TWQRQ is using the CALF FILTER(2 of them) one acting as a LOW PASS FILTER and the other acting as a HIGH PASS FILTER...both adjusted to get rid of low freq and high freq edge noise to the point just before ringing starts or before it starts to sound likes it's inside a tunnel

My preference is the HAMMING WINDOW that TWQRQ has available along with TWQRQ's ability to adjust "weight by TIME"(fldigi does not have an adjustable weight by time control)

NOTE: in my perception, even though FLdigi has its own fantastic bandpass filter, FLdigi as shown in the video, even with the BANDPASS "ON", still sounds like there is too much percussive effect creating a 2nd tone like loudness that is interfering with reception of the 828 hertz cw tone...also note that during the video the FLdigi HANNING window is toggled on for a brief period to demo that it is wider and thicker than the Blackman ...(the Hanning window makes the cw elements sound too jammed up together - to me...at 117 wpm)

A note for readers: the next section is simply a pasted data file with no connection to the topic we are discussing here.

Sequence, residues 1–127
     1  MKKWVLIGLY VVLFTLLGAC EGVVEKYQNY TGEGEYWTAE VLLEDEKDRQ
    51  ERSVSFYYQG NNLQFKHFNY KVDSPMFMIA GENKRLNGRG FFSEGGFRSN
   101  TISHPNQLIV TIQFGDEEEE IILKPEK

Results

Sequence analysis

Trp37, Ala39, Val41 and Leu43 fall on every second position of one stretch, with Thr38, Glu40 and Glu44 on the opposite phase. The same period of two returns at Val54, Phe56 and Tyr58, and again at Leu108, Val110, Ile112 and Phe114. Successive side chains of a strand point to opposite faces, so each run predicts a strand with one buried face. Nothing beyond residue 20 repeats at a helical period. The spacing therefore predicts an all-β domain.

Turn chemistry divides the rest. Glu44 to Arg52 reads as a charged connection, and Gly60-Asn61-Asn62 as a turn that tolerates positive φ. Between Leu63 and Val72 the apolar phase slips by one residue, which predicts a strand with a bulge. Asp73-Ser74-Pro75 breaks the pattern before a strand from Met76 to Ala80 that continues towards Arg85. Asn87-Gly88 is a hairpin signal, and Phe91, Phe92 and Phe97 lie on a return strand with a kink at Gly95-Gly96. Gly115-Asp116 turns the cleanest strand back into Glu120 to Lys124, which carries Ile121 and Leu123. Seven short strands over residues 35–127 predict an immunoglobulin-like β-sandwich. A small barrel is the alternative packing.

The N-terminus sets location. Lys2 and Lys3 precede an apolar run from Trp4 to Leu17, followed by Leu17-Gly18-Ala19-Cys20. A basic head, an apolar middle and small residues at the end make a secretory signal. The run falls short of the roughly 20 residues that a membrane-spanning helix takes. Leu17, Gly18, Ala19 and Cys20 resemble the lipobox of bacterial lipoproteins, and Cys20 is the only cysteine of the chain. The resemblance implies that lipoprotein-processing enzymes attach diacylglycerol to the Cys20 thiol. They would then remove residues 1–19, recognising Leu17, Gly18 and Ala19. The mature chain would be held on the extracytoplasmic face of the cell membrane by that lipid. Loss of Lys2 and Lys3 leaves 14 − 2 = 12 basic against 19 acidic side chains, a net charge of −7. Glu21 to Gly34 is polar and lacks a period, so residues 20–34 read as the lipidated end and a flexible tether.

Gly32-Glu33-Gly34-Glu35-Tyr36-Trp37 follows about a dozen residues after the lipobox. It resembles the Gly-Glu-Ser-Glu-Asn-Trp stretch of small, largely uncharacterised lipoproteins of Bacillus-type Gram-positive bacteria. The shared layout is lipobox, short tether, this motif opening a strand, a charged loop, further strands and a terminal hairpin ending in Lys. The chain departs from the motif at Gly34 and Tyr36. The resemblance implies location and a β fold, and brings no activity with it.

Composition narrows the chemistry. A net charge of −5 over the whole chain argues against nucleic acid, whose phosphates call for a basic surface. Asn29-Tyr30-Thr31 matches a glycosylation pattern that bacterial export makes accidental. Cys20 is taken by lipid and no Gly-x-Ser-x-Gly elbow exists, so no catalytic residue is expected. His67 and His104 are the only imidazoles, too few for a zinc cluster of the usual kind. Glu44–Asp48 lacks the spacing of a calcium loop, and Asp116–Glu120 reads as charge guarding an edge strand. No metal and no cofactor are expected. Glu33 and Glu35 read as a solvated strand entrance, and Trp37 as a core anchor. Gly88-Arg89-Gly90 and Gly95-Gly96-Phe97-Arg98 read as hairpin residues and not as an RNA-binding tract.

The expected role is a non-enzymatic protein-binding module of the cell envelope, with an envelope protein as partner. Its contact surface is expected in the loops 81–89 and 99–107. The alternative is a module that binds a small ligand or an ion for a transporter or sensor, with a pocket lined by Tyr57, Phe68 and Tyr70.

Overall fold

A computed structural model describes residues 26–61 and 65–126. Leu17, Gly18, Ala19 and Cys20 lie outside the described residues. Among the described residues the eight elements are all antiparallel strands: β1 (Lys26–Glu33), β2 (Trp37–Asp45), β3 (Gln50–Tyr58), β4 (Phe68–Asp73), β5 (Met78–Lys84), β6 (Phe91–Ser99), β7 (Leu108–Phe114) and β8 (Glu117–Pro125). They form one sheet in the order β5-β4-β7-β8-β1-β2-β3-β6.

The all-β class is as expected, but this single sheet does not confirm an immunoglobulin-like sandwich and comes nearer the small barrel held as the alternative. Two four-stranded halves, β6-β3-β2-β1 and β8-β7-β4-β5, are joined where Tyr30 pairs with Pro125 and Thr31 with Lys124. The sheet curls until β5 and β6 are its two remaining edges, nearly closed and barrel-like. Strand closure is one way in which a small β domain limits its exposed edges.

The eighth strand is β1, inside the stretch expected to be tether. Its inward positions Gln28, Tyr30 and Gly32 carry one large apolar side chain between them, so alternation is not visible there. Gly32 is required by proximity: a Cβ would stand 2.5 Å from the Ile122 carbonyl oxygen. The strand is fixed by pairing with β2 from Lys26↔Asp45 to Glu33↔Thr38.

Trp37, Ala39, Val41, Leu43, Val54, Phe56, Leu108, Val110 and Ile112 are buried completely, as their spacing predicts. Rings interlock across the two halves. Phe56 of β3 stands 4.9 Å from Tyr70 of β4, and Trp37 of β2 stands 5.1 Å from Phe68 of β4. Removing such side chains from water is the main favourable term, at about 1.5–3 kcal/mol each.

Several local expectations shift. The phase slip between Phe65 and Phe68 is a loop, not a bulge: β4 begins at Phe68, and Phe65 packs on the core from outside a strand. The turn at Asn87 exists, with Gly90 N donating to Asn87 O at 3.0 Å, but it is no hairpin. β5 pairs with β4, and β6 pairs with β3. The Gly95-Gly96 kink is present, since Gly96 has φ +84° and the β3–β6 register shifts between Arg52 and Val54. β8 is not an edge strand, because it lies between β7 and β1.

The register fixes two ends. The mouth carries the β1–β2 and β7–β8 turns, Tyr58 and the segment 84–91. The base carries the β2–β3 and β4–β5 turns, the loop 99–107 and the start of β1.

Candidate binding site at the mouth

here is the playlist for more vids on CW OVER 100 WPM

Comment by Chuck aa0hw on February 2, 2018 at 10:57am

Here is a short video where the homebrewed ZAMGATE CW KEYER competes with the TWQRQ CW KEYER at 101 wpm for best sounding cw audio tones to copy by ear at 101 wpm: